Which storms top the list for the most power outages in US history?

By Amanda Schmidt, AccuWeather staff writer

Extreme weather can cause massive power outages from trees collapsing and knocking down power lines. The devastating impacts of Hurricane Maria on Puerto Rico's power grid this season serve as a reminder of the potential threats.

A Rhodium Group report found that no event in U.S. history has recorded so many people without power for as long as what has occurred in Puerto Rico and the U.S. Virgin Islands following Maria.

Although pre-1960s blackout events were more difficult to accurately assess, report authors believe that only the 1938 hurricane that hit New England might belong on this list.

The United States and U.S. territories have experienced numerous large-scale blackouts. On the list of top 10 largest blackouts in U.S. history, there is only one that is not caused by a hurricane. Hurricanes are the leading cause of power outages in the U.S. by a wide margin, according to the report.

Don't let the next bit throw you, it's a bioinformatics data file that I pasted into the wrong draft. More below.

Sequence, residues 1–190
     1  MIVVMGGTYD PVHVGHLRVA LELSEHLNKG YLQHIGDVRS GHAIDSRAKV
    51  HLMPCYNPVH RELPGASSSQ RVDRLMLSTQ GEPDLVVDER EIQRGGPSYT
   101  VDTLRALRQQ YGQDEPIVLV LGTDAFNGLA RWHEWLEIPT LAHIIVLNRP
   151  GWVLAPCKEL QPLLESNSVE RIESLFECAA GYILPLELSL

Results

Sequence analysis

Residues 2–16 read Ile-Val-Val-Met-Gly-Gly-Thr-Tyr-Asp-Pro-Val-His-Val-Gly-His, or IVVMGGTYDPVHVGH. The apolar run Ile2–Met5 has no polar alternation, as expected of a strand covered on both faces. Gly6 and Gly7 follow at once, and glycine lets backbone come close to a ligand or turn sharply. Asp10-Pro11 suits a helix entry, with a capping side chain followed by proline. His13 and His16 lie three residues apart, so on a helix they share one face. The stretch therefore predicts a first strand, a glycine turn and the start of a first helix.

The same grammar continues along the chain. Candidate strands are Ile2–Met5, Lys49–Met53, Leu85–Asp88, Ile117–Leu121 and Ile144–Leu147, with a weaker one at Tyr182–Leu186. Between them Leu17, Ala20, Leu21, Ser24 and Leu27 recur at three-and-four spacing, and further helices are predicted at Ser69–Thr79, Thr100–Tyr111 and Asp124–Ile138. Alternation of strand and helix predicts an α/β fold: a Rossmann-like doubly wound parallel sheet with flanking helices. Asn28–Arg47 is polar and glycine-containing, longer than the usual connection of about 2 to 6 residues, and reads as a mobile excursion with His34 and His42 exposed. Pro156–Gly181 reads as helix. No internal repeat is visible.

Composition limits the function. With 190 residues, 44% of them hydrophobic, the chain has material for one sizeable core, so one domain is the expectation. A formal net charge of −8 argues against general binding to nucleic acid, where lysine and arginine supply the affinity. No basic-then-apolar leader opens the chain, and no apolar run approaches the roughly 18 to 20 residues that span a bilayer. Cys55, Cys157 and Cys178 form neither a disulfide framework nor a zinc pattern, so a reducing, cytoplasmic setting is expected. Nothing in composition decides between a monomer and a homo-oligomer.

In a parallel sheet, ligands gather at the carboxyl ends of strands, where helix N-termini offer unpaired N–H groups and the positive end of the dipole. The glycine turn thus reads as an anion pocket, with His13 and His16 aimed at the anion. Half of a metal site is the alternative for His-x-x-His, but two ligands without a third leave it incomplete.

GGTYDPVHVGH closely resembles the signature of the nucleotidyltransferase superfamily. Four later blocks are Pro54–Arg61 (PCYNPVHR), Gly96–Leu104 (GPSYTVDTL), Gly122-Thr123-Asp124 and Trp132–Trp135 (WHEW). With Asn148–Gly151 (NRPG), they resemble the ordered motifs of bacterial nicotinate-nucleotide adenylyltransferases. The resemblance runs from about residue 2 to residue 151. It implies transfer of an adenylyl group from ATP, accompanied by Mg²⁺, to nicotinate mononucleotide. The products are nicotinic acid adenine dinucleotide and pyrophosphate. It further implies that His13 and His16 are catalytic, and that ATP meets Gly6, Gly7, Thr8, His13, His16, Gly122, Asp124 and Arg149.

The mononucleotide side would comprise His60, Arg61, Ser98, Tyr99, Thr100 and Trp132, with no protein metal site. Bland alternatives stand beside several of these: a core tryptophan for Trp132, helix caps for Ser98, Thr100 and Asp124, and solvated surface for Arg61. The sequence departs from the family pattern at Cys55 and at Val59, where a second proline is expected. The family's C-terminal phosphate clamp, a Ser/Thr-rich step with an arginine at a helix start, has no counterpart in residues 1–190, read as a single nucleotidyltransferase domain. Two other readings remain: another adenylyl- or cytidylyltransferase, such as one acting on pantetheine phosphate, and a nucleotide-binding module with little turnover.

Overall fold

"Hurricanes are most common on the list, this is most likely because of the size of a hurricane, the extent and number of people affected, and how long it takes to get power back on," Rhodium Group Research Analyst Peter Marsters said.

Three of the top 10 biggest U.S. blackouts include hurricane-driven power outages in Puerto Rico from Maria, Georges, and Hugo, which suggests that the island needs a more storm resilient power grid, the report reads.

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The infrastructure on Puerto Rico is older, and the power grid is unreliable. Puerto Rico is an island, which creates logistical issues and difficulty connecting to outsides sources, Marsters said.

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People walk next to a gas station flooded and damaged by the impact of Hurricane Maria, which hit the eastern region of the island, in Humacao, Puerto Rico, Wednesday, September 20, 2017. (AP Photo/Carlos Giusti)

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